Durkheim argues that at its root, suicide arises when there is a disequilibrium between the individual and society. Investing in mediating institutions and communities is a vital component towards addressing this heart-rending problem.
I love this image of the wounded healer. We all have something that is broken. But we all can offer our love and care to those who are lonely, anxious, or in pain.
My favorite image from this book is of God willing to be overruled by his children: "My sons have defeated me, my sons have defeated me." When we see injustice in the world, even at the hands of a church, we should seek to confront it and make it better.
Lowell Bennion is my hero. "Nothing matters ultimately in any setting—in marriage, the family, school, the church, the community, the world—except what happens to persons."
Could trying to walk in someone else's shoes ever be a bad thing? Many would argue that empathy is central to the development of morality. Bloom argues otherwise: that empathy acts like a spotlight, biasing us to short-term answers and parochial solutions.
This is the next book by Paul Tournier that I was able to hunt down in the UW library system. It too is out of print and unavailable as an ebook, but thanks to the interlibrary loan system, I was able to get it shipped from the University of Oregon. Paul Tournier is a Swiss... Continue Reading →
These past few weeks, I was feeling very world weary from the constant back and forth of sharp criticisms, ad hominem attacks, and gross exaggerations that is Twitter. There is very little effort to provide any nuanced approach. Then I began to notice the few accounts that were made to provide daily quotes by various... Continue Reading →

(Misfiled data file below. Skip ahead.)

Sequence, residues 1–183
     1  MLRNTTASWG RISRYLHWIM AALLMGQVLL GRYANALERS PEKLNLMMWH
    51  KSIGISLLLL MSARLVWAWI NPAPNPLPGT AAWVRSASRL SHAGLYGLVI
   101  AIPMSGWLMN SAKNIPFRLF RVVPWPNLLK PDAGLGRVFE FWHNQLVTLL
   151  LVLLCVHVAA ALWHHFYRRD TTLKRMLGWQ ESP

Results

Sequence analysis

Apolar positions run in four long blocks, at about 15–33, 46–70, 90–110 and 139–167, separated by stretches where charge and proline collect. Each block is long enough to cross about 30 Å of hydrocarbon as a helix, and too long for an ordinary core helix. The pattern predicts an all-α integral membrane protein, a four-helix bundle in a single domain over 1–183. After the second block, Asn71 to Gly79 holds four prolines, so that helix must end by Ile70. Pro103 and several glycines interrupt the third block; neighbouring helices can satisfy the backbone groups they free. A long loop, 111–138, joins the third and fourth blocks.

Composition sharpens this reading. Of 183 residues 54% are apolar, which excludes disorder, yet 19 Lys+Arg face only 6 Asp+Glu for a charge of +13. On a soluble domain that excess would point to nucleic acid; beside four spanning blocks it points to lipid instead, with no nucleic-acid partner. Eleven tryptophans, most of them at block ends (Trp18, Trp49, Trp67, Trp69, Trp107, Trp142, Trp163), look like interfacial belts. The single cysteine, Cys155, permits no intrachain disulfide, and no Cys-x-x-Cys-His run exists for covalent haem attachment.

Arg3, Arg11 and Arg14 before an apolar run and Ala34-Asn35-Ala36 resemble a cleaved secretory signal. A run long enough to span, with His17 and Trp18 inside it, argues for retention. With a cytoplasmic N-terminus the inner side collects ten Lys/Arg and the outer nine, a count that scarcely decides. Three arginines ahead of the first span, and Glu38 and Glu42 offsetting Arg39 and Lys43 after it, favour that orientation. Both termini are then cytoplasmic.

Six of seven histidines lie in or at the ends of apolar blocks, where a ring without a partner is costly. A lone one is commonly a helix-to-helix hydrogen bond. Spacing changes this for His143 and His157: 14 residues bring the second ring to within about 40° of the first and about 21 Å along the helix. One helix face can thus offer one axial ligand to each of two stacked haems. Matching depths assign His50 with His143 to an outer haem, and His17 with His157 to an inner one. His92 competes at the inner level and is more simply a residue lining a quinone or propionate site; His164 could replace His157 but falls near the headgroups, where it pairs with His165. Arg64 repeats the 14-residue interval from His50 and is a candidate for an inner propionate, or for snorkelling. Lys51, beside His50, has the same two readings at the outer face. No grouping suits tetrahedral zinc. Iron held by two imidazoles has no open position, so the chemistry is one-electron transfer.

I just finished reading Jonathan Haidt's most recent book The Codding of the American Mind, and I wanted to go to his original work The Righteous Mind which he wrote back in 2012. I was already familiar with some of the ideas in The Righteous Mind from his TED talk, "The Moral Roots of Liberals... Continue Reading →
This is my the beginning of my attempt to read Jordan Peterson's list of 15 books he considers central to his intellectual development, as posted on his website. I recently discovered Jordan Peterson through a recommended Youtube video after watching Jonathan Haidt's TED talk on the moral divide between liberals and conservatives. I had heard... Continue Reading →